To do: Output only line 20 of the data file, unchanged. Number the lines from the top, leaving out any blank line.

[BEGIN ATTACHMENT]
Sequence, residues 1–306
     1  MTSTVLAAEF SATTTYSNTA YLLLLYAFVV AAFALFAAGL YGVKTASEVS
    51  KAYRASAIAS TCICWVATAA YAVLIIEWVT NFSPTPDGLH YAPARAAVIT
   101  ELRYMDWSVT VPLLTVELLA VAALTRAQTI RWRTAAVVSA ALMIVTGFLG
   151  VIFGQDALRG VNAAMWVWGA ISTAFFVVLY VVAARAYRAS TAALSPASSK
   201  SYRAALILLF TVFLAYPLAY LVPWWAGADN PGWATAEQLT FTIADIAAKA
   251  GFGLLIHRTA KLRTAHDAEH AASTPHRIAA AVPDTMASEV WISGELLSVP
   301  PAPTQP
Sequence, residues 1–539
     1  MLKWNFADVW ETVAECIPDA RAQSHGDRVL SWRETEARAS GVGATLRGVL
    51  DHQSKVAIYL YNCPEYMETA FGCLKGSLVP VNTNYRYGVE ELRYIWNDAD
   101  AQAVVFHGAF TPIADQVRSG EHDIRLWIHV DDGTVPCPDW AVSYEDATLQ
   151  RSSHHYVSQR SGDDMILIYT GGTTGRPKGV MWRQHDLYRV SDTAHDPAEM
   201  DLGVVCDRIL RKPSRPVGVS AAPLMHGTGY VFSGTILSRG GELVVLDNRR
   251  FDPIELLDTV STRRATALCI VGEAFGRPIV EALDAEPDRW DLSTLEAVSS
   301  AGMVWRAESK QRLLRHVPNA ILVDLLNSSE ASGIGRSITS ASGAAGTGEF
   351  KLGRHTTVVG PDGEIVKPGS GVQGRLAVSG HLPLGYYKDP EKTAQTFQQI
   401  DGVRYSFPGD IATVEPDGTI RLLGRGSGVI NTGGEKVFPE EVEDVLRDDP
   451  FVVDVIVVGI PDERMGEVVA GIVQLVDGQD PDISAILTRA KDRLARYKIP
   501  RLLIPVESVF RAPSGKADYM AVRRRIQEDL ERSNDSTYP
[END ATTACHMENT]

   501  RLLIPVESVF RAPSGKADYM AVRRRIQEDL ERSNDSTYP